Google is one of the companies, which have focused on human performance, and especially team performance. They studied 180 teams, and on Google's Re:Work website Julia Rozovsky outline the five key characteristics of enhanced teams:
  1. Dependability: We count on each other to do high quality work on time.
  2. Structure and clarity: Goals, roles, and execution plans on our team are clear.
  3. Meaning: We are working on something that is personally important for each of us.
  4. Impact: We fundamentally believe that the work we're doing matters.
  5. Psychological safety: We take risks on this team without feeling insecure or embarrassed.
Michael Schneider at Inc. expands on the fifth characteristic. He states, that teams with psychological safe environments ahd employees who were less likely to leave, more likely to harness the power of diversity, and who were ultimately more successful,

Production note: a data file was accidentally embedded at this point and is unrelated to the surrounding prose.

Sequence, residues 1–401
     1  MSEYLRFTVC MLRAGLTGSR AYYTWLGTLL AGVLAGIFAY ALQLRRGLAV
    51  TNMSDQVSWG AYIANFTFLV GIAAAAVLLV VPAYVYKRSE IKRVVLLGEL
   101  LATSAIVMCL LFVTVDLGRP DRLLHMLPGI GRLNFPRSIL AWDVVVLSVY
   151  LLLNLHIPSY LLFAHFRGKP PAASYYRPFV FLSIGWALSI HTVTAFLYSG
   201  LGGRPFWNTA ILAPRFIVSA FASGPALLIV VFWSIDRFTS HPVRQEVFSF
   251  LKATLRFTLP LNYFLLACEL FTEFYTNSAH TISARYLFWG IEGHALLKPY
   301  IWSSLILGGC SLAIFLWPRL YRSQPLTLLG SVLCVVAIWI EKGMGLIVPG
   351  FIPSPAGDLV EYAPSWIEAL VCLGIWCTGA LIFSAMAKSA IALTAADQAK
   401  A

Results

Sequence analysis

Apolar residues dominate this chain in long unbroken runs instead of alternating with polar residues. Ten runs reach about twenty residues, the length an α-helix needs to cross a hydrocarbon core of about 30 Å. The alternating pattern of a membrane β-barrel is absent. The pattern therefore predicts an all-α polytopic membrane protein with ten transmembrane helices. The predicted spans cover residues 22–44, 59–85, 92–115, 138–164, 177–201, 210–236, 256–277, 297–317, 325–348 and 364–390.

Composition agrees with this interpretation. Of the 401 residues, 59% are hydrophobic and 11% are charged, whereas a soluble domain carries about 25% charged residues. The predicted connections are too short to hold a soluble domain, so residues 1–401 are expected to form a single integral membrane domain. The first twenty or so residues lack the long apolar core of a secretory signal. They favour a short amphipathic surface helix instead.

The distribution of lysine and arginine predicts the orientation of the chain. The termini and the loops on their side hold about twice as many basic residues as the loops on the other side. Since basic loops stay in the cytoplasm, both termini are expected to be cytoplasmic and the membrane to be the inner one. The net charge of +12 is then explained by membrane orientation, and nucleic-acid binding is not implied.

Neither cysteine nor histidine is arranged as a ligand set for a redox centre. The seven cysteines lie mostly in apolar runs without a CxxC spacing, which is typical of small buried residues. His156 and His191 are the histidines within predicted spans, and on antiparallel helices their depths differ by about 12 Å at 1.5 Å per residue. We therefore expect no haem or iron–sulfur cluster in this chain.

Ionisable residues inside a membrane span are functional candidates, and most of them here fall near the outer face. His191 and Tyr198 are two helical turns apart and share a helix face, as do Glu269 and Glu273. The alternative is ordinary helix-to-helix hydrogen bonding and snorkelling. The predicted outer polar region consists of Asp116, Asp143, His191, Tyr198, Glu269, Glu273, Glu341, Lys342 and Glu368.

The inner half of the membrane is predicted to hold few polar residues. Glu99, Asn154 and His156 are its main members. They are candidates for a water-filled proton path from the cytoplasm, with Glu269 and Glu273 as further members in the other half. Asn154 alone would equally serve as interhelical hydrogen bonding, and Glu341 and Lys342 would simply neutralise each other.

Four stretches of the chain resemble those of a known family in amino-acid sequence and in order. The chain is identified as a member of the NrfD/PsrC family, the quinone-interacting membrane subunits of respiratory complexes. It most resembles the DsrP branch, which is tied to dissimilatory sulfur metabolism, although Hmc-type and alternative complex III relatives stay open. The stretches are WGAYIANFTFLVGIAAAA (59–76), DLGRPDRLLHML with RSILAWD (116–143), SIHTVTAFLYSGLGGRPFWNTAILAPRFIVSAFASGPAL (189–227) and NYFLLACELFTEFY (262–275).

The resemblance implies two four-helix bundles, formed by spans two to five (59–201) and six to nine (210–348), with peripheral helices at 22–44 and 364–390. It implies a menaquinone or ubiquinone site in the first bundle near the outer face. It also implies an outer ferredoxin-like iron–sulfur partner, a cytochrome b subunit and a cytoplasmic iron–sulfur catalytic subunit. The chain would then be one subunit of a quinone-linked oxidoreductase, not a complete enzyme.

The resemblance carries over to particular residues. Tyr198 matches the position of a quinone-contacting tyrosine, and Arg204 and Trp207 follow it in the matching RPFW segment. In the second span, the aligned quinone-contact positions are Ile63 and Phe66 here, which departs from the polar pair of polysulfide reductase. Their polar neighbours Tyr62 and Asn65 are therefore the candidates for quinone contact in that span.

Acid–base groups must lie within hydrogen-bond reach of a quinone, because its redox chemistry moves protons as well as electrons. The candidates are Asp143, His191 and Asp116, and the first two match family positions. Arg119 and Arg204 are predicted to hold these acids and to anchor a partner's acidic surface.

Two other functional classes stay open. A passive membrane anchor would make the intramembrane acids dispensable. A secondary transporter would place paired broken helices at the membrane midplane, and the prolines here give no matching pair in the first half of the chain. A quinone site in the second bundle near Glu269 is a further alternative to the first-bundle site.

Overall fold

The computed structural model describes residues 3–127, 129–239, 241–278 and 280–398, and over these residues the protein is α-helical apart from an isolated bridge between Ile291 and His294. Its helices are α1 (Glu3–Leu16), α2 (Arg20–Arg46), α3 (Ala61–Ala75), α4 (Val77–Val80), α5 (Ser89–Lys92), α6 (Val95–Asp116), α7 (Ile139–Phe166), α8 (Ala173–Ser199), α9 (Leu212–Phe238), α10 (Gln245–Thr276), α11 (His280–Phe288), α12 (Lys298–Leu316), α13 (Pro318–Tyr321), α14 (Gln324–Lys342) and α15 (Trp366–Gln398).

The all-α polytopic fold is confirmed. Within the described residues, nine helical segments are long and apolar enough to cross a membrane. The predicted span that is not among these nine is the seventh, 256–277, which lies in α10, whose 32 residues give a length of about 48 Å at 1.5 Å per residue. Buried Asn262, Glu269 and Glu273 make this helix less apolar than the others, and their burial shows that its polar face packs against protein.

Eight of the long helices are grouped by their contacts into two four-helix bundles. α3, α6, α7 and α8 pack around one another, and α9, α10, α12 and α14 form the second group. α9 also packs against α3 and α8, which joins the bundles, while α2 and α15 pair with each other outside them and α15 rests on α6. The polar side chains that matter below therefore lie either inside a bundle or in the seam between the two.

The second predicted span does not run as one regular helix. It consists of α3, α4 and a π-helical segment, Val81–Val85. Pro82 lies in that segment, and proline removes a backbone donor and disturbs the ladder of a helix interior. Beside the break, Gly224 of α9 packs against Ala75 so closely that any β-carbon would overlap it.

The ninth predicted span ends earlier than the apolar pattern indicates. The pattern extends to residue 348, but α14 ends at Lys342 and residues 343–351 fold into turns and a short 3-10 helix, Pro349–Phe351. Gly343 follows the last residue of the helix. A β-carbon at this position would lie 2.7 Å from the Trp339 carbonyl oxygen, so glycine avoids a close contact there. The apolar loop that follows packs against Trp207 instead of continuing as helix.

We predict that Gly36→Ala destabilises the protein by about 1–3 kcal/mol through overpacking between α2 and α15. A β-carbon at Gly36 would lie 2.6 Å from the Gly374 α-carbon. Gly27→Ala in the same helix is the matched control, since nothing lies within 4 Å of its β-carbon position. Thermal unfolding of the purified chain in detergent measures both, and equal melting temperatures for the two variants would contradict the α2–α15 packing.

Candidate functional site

I wonder if we - and especially safety professionals - have focused too much on the differences between  teams in a chemical plant or refinery, e.g. a team operating team for a gas cracker or a polyethylene plant, and the teams working at Google. However, I cannot think why the five characteristics listed above should not also apply to teams in process plants. Can you?
I keep coming back to on of Michael Schneider's remarks about psychological safety:
"But imagine a different setting. A situation in which everyone is safe to take risks, voice their opinions, and ask judgement-free questions. A culture where managers provide air cover and create safe zones so employees can let down their gards. That's psychological safety."
When I think back on my work-life, then I definitely see periods with a psychological safe environment, and periods with a psychological unsafe environment. And in retrospect it appears as if I performed better in the former environment.